A surprising defender of this view of truth is Dr. Philips goes on to explain this view. How are Christians, who believe that the Bible is the inspired, infallible, and inerrant Word of God to respond to such teachings? What does the Scripture say about truth? Jesus gives a very simple answer to that question recorded in his high priestly prayer in John No, Christ said none of these. Therefore, if we are to be Biblically precise in this matter, Christians must affirm that truth is the Word of God which reveals the Gospel of Jesus Christ.
The Scripture also claims that knowledge of that objective, absolute truth is also an objective knowledge. Luke wanted his readers to have assurance that the things they were taught concerning Christ were not just a subjective knowledge of experience, but an objective knowledge verifiable with evidence and rational thought.
In that chapter Paul not only affirms the historicity of the resurrection, he establishes that the Gospel message is not a potential event or an ethical command. Paul then proceeds to testify to the reality of the resurrection as both a verifiable historical event and one that can be objectively known through the testimony of witnesses, of which, according to Paul, the resurrection has plenty!
10 of those
Further, Peter, who had the experience of witnessing the transfiguration of the Lord Jesus Christ, wrote,. For we have not followed cunningly devised fables, when we made known unto you the power and coming of our Lord Jesus Christ, but were eyewitnesses of His majesty. For he received from God the Father honor and glory, when there came such a voice to him from the excellent glory, This is my beloved Son, in whom I am well pleased.
And this voice which came from heaven we heard, when we were with him in the holy mount. We have also a more sure word of prophecy; whereunto ye do well that ye take heed, as unto a light that shineth in a dark place, until the day dawn, and the day star arise in your hearts …. So then we must conclude that the Scripture maintains that knowledge of the Gospel is objective and not rooted in subjective experience or personal impressions, but in the propositional Word of God. No doubt, the question will arise, what makes that knowledge objective?
The answer is rather simple.
Our knowledge of the Gospel is objective because we have the Words of God, breathed out by the Holy Spirit, and preserved in the 66 books of the Old and New Testaments. Romans declare that saving faith will verbally confess the teaching of the Gospel. Therefore, such a confession of faith must be rooted in language and therefore, propositional, rational, and according to the Scripture. One of the best statements of this propositional confession is found in 1 John The apostle commands his readers to test the spirits.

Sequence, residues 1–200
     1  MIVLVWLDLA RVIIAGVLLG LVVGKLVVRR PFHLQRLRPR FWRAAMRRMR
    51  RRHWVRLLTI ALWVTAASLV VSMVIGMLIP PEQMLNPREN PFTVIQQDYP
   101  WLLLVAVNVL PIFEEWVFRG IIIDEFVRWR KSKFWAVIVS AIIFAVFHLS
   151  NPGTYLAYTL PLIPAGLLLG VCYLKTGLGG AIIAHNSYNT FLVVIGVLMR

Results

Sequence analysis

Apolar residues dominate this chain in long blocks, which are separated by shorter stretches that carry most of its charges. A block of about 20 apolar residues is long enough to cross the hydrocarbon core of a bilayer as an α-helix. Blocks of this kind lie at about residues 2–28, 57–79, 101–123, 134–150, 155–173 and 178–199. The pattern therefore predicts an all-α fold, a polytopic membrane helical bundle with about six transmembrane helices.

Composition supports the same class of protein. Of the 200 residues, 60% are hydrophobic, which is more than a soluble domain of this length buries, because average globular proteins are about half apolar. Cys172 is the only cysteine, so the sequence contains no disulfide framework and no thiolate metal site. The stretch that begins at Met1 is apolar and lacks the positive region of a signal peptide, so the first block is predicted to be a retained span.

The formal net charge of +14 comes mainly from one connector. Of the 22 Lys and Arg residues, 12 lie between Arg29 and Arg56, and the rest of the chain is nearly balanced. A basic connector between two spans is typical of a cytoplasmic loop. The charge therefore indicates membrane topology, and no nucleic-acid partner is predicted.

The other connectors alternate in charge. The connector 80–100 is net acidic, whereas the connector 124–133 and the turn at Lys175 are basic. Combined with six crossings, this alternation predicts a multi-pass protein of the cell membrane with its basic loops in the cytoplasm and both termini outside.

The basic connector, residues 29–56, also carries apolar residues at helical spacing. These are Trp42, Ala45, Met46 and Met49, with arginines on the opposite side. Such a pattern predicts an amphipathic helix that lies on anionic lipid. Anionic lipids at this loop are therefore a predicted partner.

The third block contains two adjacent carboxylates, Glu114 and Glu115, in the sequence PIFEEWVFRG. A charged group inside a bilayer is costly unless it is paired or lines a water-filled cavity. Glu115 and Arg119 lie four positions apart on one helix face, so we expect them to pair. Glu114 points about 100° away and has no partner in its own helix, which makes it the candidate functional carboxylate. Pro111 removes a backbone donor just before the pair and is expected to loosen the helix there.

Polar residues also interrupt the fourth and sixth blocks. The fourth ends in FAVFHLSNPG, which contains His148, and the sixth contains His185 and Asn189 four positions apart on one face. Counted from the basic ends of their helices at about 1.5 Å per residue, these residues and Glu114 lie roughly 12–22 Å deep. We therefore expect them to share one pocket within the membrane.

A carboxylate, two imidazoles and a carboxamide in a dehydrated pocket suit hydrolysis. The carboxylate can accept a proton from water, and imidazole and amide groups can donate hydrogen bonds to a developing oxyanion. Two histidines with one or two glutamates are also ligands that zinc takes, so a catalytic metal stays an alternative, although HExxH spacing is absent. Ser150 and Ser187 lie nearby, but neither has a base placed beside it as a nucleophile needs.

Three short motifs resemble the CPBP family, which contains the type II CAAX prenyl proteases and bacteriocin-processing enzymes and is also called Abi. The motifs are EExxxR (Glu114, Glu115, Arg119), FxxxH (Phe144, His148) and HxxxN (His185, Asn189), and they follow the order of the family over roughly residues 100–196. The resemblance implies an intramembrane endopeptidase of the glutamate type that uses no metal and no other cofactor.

John gives to us a very clear and objective way by which we as believers are to test the spirits. Any person who confesses that Christ is God come in the flesh is from God, and any other confession is contrary to sound doctrine.
Consider the nature of that confession: It is a statement of belief in the truth revealed in the Bible. How then do we test the spirits? We do so by comparing everything thing we hear with the divine declarations of Holy Scripture. Perhaps the best defense of a propositional confession of faith comes from the very mouth of the Lord Jesus himself. Through serious hermeneutical abuse, the Church of Rome has gotten a lot mileage out of this verse by claiming that Jesus made Peter the first pope at this point, and established papal authority.
Nothing could be further from the truth. A careful examination of the Greek will reveal a precision not found in English. In Greek, gender is very important in determining word usage. In this passage, Christ uses the Greek word, Petros, twice. The first reference is in the masculine gender, and is obviously a reference to Peter as it is his very name. A key interpretative question is to what does Christ refer in the second use of the word Petros , since he employs a different gender. Again, obviously, it cannot be a reference to Peter, or else why would Christ have used the feminine gender?
Therefore, on that basis, Peter cannot be the first pope. But a more important issue arises from the text.
Why did Jesus use a different gender in referring to a Petra upon which the church would be built? Here is where context is absolutely essential in determining the use and precise meaning of the word.